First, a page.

Alcoholism treatment medication Acamprosate may help abstinent alcoholics sleep better
New findings suggest that Acamprosate shows promise as a treatment method for alleviating sleep disturbances experienced by alcoholics during abstinence
Alcoholics generally don't sleep well. Nor does abstinence improve the situation much. In fact, sleep difficulties during alcohol abstinence may be responsible for a relapse to alcoholism as individuals attempt to self medicate their sleeping problems. New findings show that an alcoholism - treatment drug called acamprosate, widely used in Europe, can alleviate post-withdrawal sleep disturbances by influencing glutamatergic transmission.
Results are published in the September issue of Alcoholism: Clinical & Experimental Research.
"During chronic and excessive use of alcohol, short periods of deep sleep become interrupted by brief periods of restlessness," said Luc Staner, director of the Sleep Laboratory of the Centre Hospitalier de Rouffach. "This may also be accompanied by sleep terrors, sleepwalking and exacerbation of loud snoring or sleep apnea. During the day, alcohol intake can exacerbate sleepiness, which disrupts performance and contributes to accidents even when an individual is not significantly intoxicated." Staner is also a researcher at FORENAP, an organization that specializes in early drug development and research in neuroscience, located in Rouffach, France.
Sleep dysfunction does not necessarily improve with abstinence from alcohol, added Staner, who is also the corresponding author for the study. "Sleep is initially characterized by occasional nights of very little sleep and nightmares, followed by either progressive improvement or, very often, long-lasting sleep difficulties," he said. "If the latter, consequences may include decreased attention, vigilance, energy and concentration; increase in fatigue and malaise, irritability, etc. These often protracted symptoms lead some patients to resume drinking in an attempt to self-medicate their sleep problems. Probably for this reason, persistent post-withdrawal sleep complaints have been shown to predict relapse to alcoholism."
"These sleep problems among abstinent alcoholics construe a critical issue, as they can remain for up to three years," added Timothy A. Roehrs, director of research at the Sleep Disorders and Research Center at Henry Ford Hospital, as well as professor of psychiatry and neurobehavioral sciences at Wayne State University School of Medicine in Detroit. "This would be the first study of its kind to show positive effects of acamprosate on sleep disorders."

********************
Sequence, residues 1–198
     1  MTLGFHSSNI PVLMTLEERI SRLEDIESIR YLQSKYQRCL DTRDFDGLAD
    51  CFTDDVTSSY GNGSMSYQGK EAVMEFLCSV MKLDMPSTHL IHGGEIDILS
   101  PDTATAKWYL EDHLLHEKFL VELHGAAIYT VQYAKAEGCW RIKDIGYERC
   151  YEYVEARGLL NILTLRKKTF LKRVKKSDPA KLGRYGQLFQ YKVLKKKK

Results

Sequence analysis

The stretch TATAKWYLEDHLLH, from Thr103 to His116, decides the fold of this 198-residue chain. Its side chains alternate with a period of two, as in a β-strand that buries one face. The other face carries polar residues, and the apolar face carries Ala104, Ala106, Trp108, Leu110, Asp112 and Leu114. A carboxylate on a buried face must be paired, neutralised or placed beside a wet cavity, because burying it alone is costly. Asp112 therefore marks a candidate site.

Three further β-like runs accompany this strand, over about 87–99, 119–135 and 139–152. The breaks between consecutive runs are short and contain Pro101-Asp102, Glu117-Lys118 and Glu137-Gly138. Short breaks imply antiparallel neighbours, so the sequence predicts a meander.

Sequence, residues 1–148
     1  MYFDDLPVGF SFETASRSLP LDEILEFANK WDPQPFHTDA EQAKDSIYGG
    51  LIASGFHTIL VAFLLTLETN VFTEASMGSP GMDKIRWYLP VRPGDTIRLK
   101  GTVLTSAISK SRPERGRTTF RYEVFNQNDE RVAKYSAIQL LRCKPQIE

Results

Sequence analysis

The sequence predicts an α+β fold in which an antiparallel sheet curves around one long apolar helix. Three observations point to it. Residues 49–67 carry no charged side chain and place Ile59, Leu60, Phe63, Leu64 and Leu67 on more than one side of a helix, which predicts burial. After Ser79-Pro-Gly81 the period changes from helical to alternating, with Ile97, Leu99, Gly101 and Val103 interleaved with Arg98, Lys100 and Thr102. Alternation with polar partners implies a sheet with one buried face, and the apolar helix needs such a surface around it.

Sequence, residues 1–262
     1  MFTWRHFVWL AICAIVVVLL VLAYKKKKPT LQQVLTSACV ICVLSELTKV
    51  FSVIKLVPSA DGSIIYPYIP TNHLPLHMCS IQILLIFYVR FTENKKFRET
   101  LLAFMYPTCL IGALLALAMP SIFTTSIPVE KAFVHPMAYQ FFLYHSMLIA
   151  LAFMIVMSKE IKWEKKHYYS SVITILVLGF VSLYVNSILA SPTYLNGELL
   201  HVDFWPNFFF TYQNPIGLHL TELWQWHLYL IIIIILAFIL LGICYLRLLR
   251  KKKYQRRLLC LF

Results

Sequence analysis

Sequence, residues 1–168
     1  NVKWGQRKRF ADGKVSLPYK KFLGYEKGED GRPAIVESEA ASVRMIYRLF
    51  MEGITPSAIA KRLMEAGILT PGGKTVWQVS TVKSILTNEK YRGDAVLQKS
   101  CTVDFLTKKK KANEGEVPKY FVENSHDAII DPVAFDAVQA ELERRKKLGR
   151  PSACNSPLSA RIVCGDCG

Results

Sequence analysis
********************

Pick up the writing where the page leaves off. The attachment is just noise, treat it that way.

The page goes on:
The seemingly greater popularity of acamprosate in Europe, noted Staner, is probably due to the fact that the drug was approved by many European countries in the early 1990s, long before naltrexone (another alcoholism-treatment medication). "The drug is very safe to use and there is no cross-tolerance with alcohol," he said.
Study participants (n=24 males) were recruited through physician referral or a local hospital outpatient department; all were confirmed as alcohol dependent according to the Diagnostic and Statistical Manual of Mental Disorders - Fourth Edition. Beginning eight days before alcohol withdrawal, in order to reach steady levels in patient plasma, and continuing for 15 days following withdrawal, researchers administered either acamprosate (two tablets of 333 mg) or a placebo. Polysomnographic assessments were recorded during acute withdrawal (the first two nights following withdrawal), as well as during post-withdrawal abstinence (the last two nights of the study period).
"Compared to the placebo," said Staner, "results indicate that acamprosate objectively improves sleep disturbances of alcohol-dependent patients who are trying to stop alcohol intake. This effect was observed during the first withdrawal night and was maintained after two weeks of treatment. On a more mechanistic level, these results appear to implicate glutamate in both sleep disturbances and withdrawal symptoms, and acamprosate appears to be able to decrease the physiological effects of glutamate in the brain."
Given that this was a very short-term study, Roehrs said he is hopeful that future research will address what the long-term impact of acamprosate may be. He would also like to learn more about helping those individuals for whom acamprosate does not alleviate sleep problems.
Alcoholism: Clinical & Experimental Research (ACER) is the official journal of the Research Society on Alcoholism and the International Society for Biomedical Research on Alcoholism. Co-authors of the ACER paper, "The Effects of Acamprosate on Sleep During Alcohol Withdrawal: A Double-Blind Placebo Controlled Polysomnographic Study in Alcohol-Dependent Subjects," were: Peter Boeijinga, IsabelleGendre, Muriel Muzet and Rémy Luthringer of FORENAP at Centre Hospitalier de Rouffach, France; Thierry Danel of the Unité de psychopathologie et alcoologie clinique de l'anxiété of Lille, France; and Frédéric Landron of MERCK Santé of Lyon, France. The study was funded by Merck Santé.